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Shelley A. McReynolds, J.M. Zajicek, W.A. Mackay and J. L. Heilman

A study was conducted to explore how different mulches affect water use of landscape plants. Plots 4.9 m × 7.3 m, were covered with 5cm pine bark, cypress, white rock, or clay aggregate. 3 potted plants of Ligustrum japonicum (wax-leaf ligustrum) and Photinia × fraseri (red tip photinia) were placed in each plot so that the top of each pot was at ground level. 1 plant of each species was planted directly into each plot. Water loss was measured on a daily basis, both gravimetrically and using heat balance stem flow gauges, during both the 1992 and 1993 growing seasons. Stomatal conductance was measured periodically during each growing season. Surface, air, and soil temperatures at two depths were recorded. During 1992, pine bark mulched plants consistently used more water than the other treatments, as opposed to summer 1993 when the most water was used by plants over white rock. Surface temperatures of pine bark, cypress and clay aggregates were higher than those of white rock both years, by as much as 20C, while temperatures under the mulch varied as much as 5C between pine bark and white rock.

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Mario Valenzuela-Vázquez, Geno A. Picchioni, Leigh W. Murray and Wayne A. Mackay

The raceme of Lupinus havardii Wats. (Big Bend bluebonnet) is a new greenhouse specialty cut flower, but postharvest life is limited by ethylene sensitivity. The authors studied the effects of 160 nL·L−1 1-methylcyclopropene (1-MCP) with 0 to 6 days exposure to a 50-μm vase solution of ethephon [(2-chloroethyl) phosphonic acid, CEPA] on raceme postharvest quality indices and mature flower cell membrane permeability. With no CEPA, 1-MCP delayed postharvest losses in fresh weight and mature flower retention, and extended vase life longevity (VLL) by 1 to 4 days relative to a non-1-MCP control. With 2 days or more of CEPA, 1-MCP deferred raceme fresh weight loss and the abscission of both mature and newly opened flowers from 3 days to 5 days. There was a relatively strong protective effect of 1-MCP on raceme fresh weight, flower retention, and newly opening flowers in the presence of CEPA compared with the absence of CEPA. The greatest raceme VLL (7.2 days) was obtained for 1-MCP-treated racemes that did not receive CEPA in the vase. Although VLL was reduced by CEPA, VLL was consistently greater (by ≈2 days) after 1-MCP treatment relative to no 1-MCP treatment and irrespective of CEPA's duration. As expected, electrolyte leakage increased with individual flower development and between 1 day and 6 days in the vase. Unexpectedly, however, the 5-day postharvest increase in leakage was intensified by 1-MCP treatment if the racemes were exposed to 1 hour of CEPA in the vase solution. Electrical conductivity measurements suggested that, in the latter treatment (+1-MCP, +CEPA), increased levels of diffusible electrolytes that had yet to be exported to the expanding apical meristem (delayed raceme development) contributed to the higher leakage. Results also demonstrate good potential for quality maintenance of L. havardii racemes by using 1-MCP, and that in addition to flower retention, raceme fresh weight and flower opening should be considered in developing VLL criteria for this new specialty crop.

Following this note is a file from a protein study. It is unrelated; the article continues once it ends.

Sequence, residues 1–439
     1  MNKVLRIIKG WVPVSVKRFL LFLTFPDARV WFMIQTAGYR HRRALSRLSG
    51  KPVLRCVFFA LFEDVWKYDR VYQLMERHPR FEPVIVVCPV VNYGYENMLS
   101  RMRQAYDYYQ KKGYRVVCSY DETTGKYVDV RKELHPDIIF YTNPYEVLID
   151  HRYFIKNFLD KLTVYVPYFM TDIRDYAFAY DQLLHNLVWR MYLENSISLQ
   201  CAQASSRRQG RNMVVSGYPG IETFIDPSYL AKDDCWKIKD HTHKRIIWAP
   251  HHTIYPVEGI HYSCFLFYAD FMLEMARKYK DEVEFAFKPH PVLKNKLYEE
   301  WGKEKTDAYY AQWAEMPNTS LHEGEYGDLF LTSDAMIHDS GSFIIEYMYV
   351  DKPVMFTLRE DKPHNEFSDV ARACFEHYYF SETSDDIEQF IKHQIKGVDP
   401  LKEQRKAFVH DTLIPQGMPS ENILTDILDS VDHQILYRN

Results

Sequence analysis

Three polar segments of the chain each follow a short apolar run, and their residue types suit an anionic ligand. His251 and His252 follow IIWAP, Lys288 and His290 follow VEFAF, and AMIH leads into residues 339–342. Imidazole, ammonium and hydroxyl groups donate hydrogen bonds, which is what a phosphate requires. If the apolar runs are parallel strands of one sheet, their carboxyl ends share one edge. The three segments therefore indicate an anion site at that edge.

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Tim D. Davis, Steven W. George, Wayne A. Mackay and Jerry M. Parsons